Thursday, December 31, 2009

Happy New Year!

Just a quick post wishing everyone a very Happy New Year and wonderful 2010. No pictures for this post as we're using an Internet terminal at the New Zealand Alpine Club and there's no wireless to upload our pictures from our laptop.

Although we had the option of WWOOFing over New Year's we decided instead to spend it at Aoraki/Mount Cook National Park. We spent New Year's Eve at the Glencoe Lodge, one of the lodges in the park. We didn't realize it had a Scottish theme until at New Year's there was a big speech by a guy in a kilt with a sword (his combination of Scottish and New Zealand English was completely unintelligible) and then a rendition of Auld Lang Syne set to bagpipes. Then it was back to our dorms for the night!

We're headed towards Queenstown and Milford Sound today. The beauty of the South Island is amazing. The weather has been pretty good actually. The West Coast was raining (sounds familiar :-) but once we crossed over into the Eastern side it's been sunny and nice. Super windy, but we were able to do a nice hike yesterday up to the Sealy Tarns and across a suspension bridge above a glacial river. Oh, and caves! We did a river walk through a cave that took us 45 minutes! There was no natural light so we used our headlamps to navigate up and over boulders and through waterfalls. We'll post a full report with pictures soon!

Have a safe and happy New Year's!!

Sunday, December 27, 2009

Where do we start?

First of all, apologies to our families for not contacting anyone over Christmas. We are safe and had a fine, albeit interesting Christmas weekend. The reason for the silence was that we were WWOOFing out in the country where our cell phone didn't work, the Internet was dial-up that was ridiculously slow even for dial-up, and although we could have used the phone (and should have!) we were kind of scared to ask our hosts...let's back up a bit to explain.

We arranged to WWOOF at a pizza cafe and bar in Westport, on the West Coast of the South Island. Little did we know when we signed up that it would be so isolated and that it would be run like an East German compound. Petra and Jack, the German owners were quite stern and even though their English was pretty good they were somewhat uncommunicative and we were often unsure where we stood with what we were doing.

We're pretty sure we would have left much earlier if we'd had our own car. We felt trapped without a car, but even if we'd gotten away we were unsure where'd we go during the Holidays on such short notice. The West Coast is very rural and we knew from looking at the bus schedule before that it ran very infrequently, especially during the holidays.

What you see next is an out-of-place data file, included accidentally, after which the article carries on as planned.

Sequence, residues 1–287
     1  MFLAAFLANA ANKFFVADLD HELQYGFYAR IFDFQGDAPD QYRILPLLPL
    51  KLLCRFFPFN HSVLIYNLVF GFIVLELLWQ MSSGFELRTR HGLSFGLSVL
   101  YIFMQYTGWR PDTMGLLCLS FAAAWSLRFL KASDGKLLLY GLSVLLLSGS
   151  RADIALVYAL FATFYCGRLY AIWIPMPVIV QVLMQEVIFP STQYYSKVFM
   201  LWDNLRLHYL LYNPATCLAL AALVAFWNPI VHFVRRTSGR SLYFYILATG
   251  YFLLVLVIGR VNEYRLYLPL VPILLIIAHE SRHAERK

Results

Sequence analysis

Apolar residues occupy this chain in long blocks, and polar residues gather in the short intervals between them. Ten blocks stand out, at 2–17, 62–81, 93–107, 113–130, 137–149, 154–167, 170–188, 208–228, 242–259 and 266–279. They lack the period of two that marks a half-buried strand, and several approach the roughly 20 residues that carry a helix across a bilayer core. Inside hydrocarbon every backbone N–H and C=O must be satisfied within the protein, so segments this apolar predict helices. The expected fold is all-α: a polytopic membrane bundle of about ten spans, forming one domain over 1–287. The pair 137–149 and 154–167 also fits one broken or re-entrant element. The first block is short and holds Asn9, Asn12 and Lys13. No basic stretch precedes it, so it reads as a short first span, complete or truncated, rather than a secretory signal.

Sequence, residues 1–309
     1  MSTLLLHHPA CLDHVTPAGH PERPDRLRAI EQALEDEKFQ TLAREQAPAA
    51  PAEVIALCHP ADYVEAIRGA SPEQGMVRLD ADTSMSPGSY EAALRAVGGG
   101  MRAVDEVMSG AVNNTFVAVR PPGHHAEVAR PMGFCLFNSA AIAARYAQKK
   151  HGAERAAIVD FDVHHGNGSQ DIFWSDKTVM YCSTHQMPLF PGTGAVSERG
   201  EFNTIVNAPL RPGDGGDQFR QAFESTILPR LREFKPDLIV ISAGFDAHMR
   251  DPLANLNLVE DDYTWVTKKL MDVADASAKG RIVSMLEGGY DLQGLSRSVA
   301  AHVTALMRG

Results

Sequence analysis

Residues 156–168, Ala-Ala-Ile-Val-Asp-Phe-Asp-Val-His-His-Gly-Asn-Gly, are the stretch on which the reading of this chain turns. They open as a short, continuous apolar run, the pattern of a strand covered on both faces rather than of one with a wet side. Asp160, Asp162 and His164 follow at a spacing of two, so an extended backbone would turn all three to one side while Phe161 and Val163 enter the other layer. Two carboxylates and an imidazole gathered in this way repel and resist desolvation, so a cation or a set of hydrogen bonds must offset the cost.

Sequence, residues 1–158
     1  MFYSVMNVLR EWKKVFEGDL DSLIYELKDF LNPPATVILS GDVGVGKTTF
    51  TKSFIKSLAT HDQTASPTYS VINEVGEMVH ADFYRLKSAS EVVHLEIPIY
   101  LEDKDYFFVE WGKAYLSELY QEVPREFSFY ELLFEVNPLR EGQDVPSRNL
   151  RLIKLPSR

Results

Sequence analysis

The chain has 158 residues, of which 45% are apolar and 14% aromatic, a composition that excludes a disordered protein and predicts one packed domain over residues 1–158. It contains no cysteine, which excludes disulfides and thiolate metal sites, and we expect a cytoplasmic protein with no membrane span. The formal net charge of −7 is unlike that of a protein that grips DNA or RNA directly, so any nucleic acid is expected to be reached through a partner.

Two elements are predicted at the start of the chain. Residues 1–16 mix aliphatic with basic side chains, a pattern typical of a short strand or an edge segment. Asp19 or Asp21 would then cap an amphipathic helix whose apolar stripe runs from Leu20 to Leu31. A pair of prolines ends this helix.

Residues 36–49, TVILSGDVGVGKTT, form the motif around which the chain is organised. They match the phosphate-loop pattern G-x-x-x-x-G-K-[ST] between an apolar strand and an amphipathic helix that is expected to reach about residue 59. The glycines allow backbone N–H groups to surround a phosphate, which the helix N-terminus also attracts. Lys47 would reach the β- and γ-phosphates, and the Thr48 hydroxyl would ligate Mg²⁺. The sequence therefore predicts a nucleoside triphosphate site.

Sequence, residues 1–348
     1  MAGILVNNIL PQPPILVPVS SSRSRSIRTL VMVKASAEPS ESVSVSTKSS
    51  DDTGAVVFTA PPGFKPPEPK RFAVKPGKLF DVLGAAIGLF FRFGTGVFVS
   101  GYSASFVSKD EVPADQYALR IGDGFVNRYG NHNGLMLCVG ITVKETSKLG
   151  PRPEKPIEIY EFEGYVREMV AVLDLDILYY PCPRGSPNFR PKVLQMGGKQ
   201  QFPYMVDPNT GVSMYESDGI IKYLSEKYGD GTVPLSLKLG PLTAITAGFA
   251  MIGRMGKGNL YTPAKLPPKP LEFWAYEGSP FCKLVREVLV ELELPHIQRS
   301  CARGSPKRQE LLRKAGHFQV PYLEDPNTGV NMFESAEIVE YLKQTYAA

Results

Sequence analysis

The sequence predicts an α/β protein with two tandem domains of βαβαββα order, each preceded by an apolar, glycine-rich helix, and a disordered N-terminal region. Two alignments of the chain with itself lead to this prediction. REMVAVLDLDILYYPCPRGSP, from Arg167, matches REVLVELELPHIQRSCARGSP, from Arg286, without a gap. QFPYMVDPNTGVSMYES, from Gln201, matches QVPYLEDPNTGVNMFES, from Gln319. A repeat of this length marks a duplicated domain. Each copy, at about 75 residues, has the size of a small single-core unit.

We were going to title this post "WWOOFing in Hell", but that would only be true if Hell had good food (and beer). Our first in indication of how the place was run was when Jack picked us up at the bus stop (a gas station) and we went immediately to the grocery store to stock up the bar.

I was pushing the above cart around, trying to be polite to the stares. "Yep, just getting ready for Christmas", I told other shoppers. And this was just the grocery store (and the beer cart - Jaimee was pushing the wine cart), we next went to Liquor Land to get even more beer and hard liquor.

Then when we chatted with him about our other WWOOFing experiences and we mentioned "four hours of work a day" he said, "Oh, that is just a recommendation." As it turned out they pretty much expected us to work all day doing outdoor stuff, then help in the kitchen in the evening. But they never really said that so we weren't sure. One day we did only work four hours but got a really chilly reception that evening.

It was a weird place. Not just the East German vibe (they actually had a friend who was doing some carpentry work for them who had spent some time in an East German prison for trying to escape to West Berlin 25 years ago) but also their favortism for this French WWOOFer who was some sort of permanent unpaid employee. She was weird too - she drank tea in the morning out of a soup bowl and could hardly speak English but was the only one allowed to wait on customers (I got lectured once for serving two guys drinks at the bar, even though I charged them and put the money in the till). And don't get us started about the espresso machine (which I was yelled at for trying to use), or calling Jaimee "bloody stupid" for catching a mouse in the dining room during the dinner rush but releasing it instead of stomping on it to kill it (she actually got a round of applause from the dinner patrons for catching it).

Also, the accomodations were quite rustic. Here's Jaimee posing in the outdoor shower:

And, to top it all off, the police came looking for us! We were working in the kitchen and I noticed that a police car drove up. Petra went out to see what he wanted, and then came in to get me. I thought maybe she needed someone who spoke better English, but it turned out he was looking for me and Jaimee! When we hadn't contacted Jaimee's Mom and Aunt over Christmas they got worried, and using our last GPS coordinates from our Spot page they called the Westport police to have them check on us. Luckily we were right where our Spot said we'd be. We then snuck away to call Jaimee's family and told them we'd be more diligent about checking in either with Spot or via e-mail. Our habit had been to check in with Spot only when we changed locations but we'll try and do it more frequently so no one worries...

However, our stay at Jack's wasn't all bad - as mentioned, the food was very, very good. Petra made excellent fresh bread nearly every day, the pizza was yummy, and usually they would offer us beer (except for the day we only worked four hours - No beer for you!) Also, we did meet a lot of interesting local characters, and walked to the beach and chatted with some gold miners we met there: